A nationally recognized psoriasis expert, Dr. Jerry Bagel, MD, has been an investigator on more than 45 clinical trials seeking new treatments for psoriasis and other skin conditions. In addition to treating patients at his private dermatology practice in East Windsor, New Jersey, Dr. Bagel serves as Senior Attending Physician at the Princeton University Medical Center and Director of the Psoriasis Treatment Center of Central New Jersey. He is also a three-term member of the National Psoriasis Foundation’s Medical Advisory Board. What investigational treatment for psoriasis is he currently studying? And what does he wish more psoriasis patients knew? Check out our insightful interview below.
1. What led you to focus your research on psoriasis?
I started studying psoriasis when I was resident at Columbia-Presbyterian in 1982-1985. At that time I would spend six months on in-patient service with 30 hospitalized psoriatic patients who would stay in for treatment for a month. And I realized the burden of disease – the psychological, emotional and physical impact of this disease on people.
So when I opened up my private practice in 1985, I decided that psoriasis treatment and care of psoriasis patients would be a major part of my professional career and so I started seeing a lot people with psoriasis. I started doing research in 1992 and then just kept working with pharmaceutical companies and developing our own protocols for research into the treatment of psoriasis, trying to find better treatments, safer treatments, more effective treatments.
2. Tell us about some of your most recent clinical trial findings.
The most recent clinical trial I’m doing as of today is IL-17 receptor antibodies with Amgen that is remarkable, using subcutaneous injections once every other week. People are getting clear within 2-4 weeks, so it’s really a quite effective treatment. I mean, obviously we don’t know [everything yet], but so far it’s been good at our facility, and the data I’ve read about it seems to be pretty good. So I think it could take the treatment of psoriasis to another level in the sense that over half the people will probably clear and probably 85% will have a very effective level of clearing. So it’s going to take it to another level of clearing given what existed before.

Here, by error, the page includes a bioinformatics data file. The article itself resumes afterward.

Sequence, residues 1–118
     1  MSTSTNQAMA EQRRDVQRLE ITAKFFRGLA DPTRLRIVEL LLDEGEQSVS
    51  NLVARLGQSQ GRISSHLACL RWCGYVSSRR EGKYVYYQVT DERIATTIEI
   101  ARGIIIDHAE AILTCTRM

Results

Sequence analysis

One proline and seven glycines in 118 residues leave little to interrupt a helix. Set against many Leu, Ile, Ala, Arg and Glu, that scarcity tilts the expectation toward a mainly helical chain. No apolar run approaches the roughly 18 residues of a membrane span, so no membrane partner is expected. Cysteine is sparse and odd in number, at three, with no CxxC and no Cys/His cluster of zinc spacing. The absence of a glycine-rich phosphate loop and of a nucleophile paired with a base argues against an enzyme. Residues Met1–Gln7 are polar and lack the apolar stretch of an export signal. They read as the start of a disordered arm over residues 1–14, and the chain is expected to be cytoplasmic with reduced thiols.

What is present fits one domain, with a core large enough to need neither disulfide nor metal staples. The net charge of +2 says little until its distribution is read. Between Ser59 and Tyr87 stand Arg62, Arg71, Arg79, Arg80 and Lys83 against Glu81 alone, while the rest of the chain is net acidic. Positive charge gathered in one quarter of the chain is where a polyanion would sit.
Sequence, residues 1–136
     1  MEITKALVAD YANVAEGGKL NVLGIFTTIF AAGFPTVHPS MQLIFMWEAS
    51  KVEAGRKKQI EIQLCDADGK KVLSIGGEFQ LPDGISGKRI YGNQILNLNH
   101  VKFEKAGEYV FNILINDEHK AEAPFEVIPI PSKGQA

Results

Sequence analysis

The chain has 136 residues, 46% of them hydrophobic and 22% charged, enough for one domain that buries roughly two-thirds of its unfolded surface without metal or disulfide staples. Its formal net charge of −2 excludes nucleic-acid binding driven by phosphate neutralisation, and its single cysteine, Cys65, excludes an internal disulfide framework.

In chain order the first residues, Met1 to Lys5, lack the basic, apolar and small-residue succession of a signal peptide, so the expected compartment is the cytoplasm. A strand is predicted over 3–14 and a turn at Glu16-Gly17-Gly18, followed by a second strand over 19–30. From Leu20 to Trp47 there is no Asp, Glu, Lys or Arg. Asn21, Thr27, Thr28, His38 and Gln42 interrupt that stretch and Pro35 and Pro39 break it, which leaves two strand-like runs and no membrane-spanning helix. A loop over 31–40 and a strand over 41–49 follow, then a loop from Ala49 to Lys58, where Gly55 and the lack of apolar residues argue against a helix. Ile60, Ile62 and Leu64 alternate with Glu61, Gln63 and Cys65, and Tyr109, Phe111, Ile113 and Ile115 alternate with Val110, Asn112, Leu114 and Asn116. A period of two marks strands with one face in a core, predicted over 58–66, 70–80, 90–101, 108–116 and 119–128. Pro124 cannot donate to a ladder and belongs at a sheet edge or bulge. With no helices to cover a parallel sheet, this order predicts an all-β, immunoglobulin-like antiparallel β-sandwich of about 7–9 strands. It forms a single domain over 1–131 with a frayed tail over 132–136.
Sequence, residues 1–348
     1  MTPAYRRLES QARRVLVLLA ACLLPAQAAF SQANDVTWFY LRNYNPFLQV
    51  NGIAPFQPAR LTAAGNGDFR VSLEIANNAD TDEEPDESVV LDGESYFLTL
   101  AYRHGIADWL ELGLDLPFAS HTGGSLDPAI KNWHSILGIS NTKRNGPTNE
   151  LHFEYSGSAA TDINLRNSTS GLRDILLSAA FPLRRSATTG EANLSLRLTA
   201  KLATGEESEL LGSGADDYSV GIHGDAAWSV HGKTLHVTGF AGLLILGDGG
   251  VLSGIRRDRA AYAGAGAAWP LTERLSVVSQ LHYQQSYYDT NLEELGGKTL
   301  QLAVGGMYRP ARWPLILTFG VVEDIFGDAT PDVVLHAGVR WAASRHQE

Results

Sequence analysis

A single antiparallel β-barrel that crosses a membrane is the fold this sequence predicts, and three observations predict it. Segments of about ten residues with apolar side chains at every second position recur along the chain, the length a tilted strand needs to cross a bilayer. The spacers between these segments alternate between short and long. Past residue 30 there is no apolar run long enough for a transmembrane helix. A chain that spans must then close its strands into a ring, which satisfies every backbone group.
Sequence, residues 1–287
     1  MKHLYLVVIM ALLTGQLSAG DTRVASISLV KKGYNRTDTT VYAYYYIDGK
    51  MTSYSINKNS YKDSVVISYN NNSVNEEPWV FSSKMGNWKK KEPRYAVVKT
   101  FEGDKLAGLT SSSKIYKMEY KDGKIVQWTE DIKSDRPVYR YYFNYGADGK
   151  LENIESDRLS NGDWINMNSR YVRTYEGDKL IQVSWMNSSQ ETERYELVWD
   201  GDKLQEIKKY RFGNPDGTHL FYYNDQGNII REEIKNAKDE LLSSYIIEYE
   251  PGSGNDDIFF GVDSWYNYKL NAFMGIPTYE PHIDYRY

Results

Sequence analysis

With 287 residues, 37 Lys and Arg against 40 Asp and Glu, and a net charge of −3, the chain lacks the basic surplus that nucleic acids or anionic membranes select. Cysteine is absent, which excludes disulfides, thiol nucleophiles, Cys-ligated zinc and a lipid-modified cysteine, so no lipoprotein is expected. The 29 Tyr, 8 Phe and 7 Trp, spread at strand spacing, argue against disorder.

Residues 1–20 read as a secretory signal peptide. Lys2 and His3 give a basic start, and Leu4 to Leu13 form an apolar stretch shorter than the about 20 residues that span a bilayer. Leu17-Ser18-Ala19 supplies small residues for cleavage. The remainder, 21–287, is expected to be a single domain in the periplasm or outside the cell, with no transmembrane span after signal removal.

3. Speaking of what existed before, what current treatments are most effective in your experience?
Well, we still use phototherapy, but people have to come in three times a week for about 12 weeks. It works about 75% of the time, but people only stay clear for about six months maybe 75% of the time. So in the end it only works well for about 50% of the people. But it’s totally safe, so therefore the benefit ratio is high. We also do all the biologic agents, like Enbrel and Humira and Stelara, and they’re quite effective treatments.
In fact, Enbrel and Humira are FDA-approved for the treatment of psoriatic arthritis as well – and up to 25% of people with psoriasis have psoriatic arthritis. So it helps the arthritic component of psoriasis as well. So we do use the biologics, although sometimes we have to tweak them with some systemic therapies. Sometimes we use cyclosporine,sometimes we use methotrexate. But the treatment of psoriasis today is certainly a lot better than it was say 10 years ago.
4. Do you have any dietary recommendations for psoriasis patients?
I think diet helps, but I don’t think diet necessarily clears psoriasis for very many people, if any. But we know that psoriasis is associated with the metabolic syndrome, and many patients are obese and have diabetes, which are inflammatory triggers. I think patients that eat a low-inflammatory diet – with more fish like mackerel, salmon or anchovies, and less red meat – tend to be better. Staying away from fatty foods like animal fats, and eating more vegetable fats like nuts, tends to be helpful. Also, I do think that weight loss tends to help people with psoriasis. The other culprit is alcohol. Alcohol is not good for people with psoriasis.
5. What is something you wish more psoriasis patients knew?
I wish more psoriasis patients knew that there are physicians providing effective care for psoriasis. For instance, today I had a young woman who was 23 years old. She came into my office with psoriasis covering about 20% of her body. She’d been to three dermatologists before me, and two of them told her there was nothing they could do about it, and she should learn to live with it. So I wish there was more education for people with psoriasis to know there are dermatologists or psoriasis caregivers who are interested in the treatment of psoriasis – and a better way of connecting people with psoriasis with the physicians interested in treating psoriasis.